Sunday, 22 June 2014
Blake's Seven Review: Series A Episode 11 - Bounty
Vila: “I'm entitled to my opinion.”
Avon: “It is your assumption that we are entitled to it as well that is irritating.”
Blake and Cally and on a nameless world being used as a hideaway by Sarkoff, ex-President of the planet Lindor, and his daughter Tyce. Lindor is on the brink of civil war and Blake fears that the Federation will use the war as an excuse to take control of the planet. Blake wants convince Sarkoff to return to his people and re-unite them. However Sarkoff is now a broken man having been thoroughly defeated in the Presidential election that resulted in his exile and has no desire to return home.
Meanwhile, the Liberator intercepts a distress call from a nearby space craft. Although suspicious of it, Gan agrees to go over to the ship and investigate. He is captured by the ship's crew and they use him to gain access to the Liberator and take over the ship.
Back on the planet, Sarkoff is still refusing to leave, even after Blake explains that the Presidential election was rigged by the Federation in order to remove Sarkoff from power. Blake forces him to agree to return to his people by threatening to smash Sarkoff's prized collection of 20th Century antiques. Blake, Cally, Sarkoff and Tyce teleport to the Liberator but are quickly captured by the invaders from the other ship.
The invaders are smugglers and bounty hunters called Amagons. Their leader, Tarvin is going to hand over Blake's crew and the Liberator to the Federation for a large amount of money. Jenna, who knows Tarvin from her smuggling days, appears to side with the Amagon invaders after they take the ship and helps to keep the rest of the crew locked up.
However, Jenna is really tricking Tarvin and is secretly disposing on the Amagon pirates one by one. She then releases Blake. Sarkoff, meanwhile confronts Tarvin who has threatened Tyce and, following a timely intervention by Blake, Sarkoff kills Tarvin.
With the takeover ended, the Liberator carries on to Lindor. Following his experiences with Blake, Sarkoff has decided that returning to his people and uniting them to fight the Federation is the right thing to do after all.
He seems to be attracted to Tyce and she to him but there is no opportunity for their relationship to develop.
Avon seems to have some basic lock picking skills as, much to Vila's surprise, he is able to unlock the door of the room where the crew are all held prisoner.
Jenna: Jenna appears to turn on the crew once the Amagons invade and take over the Liberator. She knew their leader, Tarvin, some years earlier and the implication is that they had a relationship at the time. If Tarvin wants, he can keep Jenna when he turns the rest of the crew over to the Federation.
Of course, Jenna defection is just a ruse to allow the freedom of the ship and give her the opportunity to free the others. Her performance is convincing though as the rest of the crew, other than Blake, are entirely convinced by it.
Later, when locked up with the rest of the crew he struggles to unlock an explosive 'necklace' that has been placed on each of the crew. He'd much rather be trying to unlock the door but, much to his surprise, Avon has already done that.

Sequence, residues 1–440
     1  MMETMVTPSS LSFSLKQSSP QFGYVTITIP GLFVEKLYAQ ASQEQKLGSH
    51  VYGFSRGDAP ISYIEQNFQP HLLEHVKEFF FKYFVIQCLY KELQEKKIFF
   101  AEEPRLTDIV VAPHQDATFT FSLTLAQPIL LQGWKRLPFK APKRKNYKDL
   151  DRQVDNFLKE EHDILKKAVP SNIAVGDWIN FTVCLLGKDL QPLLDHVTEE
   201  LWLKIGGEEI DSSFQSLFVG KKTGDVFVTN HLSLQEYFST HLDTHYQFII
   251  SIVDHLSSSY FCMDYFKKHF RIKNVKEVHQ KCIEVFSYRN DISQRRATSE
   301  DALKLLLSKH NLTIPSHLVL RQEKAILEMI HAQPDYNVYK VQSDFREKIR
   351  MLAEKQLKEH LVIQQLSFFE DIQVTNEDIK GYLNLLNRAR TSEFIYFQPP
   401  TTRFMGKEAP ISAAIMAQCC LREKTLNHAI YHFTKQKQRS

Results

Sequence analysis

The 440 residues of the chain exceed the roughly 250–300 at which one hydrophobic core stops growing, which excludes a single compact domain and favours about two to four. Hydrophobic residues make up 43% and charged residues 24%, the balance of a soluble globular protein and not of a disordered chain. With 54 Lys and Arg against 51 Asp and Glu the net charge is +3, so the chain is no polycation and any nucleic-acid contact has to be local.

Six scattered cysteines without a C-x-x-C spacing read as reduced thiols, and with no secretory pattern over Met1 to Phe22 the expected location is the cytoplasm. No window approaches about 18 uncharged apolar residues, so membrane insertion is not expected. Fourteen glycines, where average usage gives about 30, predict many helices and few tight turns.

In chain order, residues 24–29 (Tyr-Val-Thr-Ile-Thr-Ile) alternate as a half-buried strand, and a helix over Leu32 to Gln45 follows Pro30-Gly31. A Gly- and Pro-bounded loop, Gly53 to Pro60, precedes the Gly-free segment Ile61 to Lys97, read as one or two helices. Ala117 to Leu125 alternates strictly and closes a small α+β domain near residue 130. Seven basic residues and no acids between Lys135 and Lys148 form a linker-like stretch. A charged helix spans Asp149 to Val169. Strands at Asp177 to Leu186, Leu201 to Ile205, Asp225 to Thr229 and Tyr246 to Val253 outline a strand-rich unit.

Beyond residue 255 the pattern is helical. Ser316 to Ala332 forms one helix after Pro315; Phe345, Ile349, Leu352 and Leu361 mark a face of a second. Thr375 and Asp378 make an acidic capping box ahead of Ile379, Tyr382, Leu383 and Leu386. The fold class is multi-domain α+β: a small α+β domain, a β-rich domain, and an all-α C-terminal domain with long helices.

Being used in this away upsets Gan somewhat and he's quite keen to get his hands on the pirates. Unfortunately they'll all either dead or unconscious by the time he's free.
She talks with Sarkoff about an ambassador from her home planet of Auron that was sent to Lindor to negotiate a treaty. She says that the treaty never came about and that the ambassador never returned to Auron because he had failed. This mirrors Cally's own decision not to return home after she failed to help the freedom fighters she was working with when Blake first met her. It's obviously a cultural thing amongst her people that failure means self-imposed exile.
Zen: Is able recognise when a crew member's voice is being faked such as when 'Gan' radios from the other ship to ask to be teleported back to the Liberator. Unfortunately this ability didn't prevent the ship from being taken over anyway.
It seems that the Liberator does not have any kind of security scanners or cameras anywhere on the ship as Zen is unable to tell first Vila, then Blake what has happened to the rest of the captured crew. This seems rather strange for such an advanced ship but it may simply be that, as in some earlier episodes, Zen is deliberately choosing not to get involved in what's happening.
This is a very enjoyable episode although it does feel like a episode of two halves. The first half where Blake tries to convince Sarkoff to come with him is much more interesting the second half which focuses on the space pirates and their take over of the ship.
Where the first half really succeeds is in the lengthy dialogue scenes between Blake and Sarkoff. Both Gareth Thomas and TP McKenna as Sarkoff really excel here. McKenna in particular is excellent as the weary ex-President who just wants to be left in peace and one can't help but feel sorry for him.
Once on board the Liberator, Sarkoff is sidelined somewhat by Tarvin and the Amagon pirates and they really aren't as interesting It's also rather unfortunate that the first non-white characters in the series are a) the bad guys and b) given costumes that make them look they like extras on Lawrence of Arabia.
All of the regulars get a decent amount to do in this episode too with the ladies in particular getting much more to than usual. By all accounts the script editor Chris Boucher, who would later become the main writer on the series, had a hand in the writing of this episode and it certainly feels different so this bodes well for the future.
Next week, Avon becomes God and things are set in motion for the season finale.